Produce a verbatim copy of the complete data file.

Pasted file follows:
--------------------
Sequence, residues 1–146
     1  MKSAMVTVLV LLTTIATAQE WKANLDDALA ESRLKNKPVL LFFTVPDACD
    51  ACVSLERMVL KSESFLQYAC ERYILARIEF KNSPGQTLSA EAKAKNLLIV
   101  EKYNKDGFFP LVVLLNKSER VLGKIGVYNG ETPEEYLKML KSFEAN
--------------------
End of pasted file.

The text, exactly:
Sequence, residues 1–146
     1  MKSAMVTVLV LLTTIATAQE WKANLDDALA ESRLKNKPVL LFFTVPDACD
    51  ACVSLERMVL KSESFLQYAC ERYILARIEF KNSPGQTLSA EAKAKNLLIV
   101  EKYNKDGFFP LVVLLNKSER VLGKIGVYNG ETPEEYLKML KSFEAN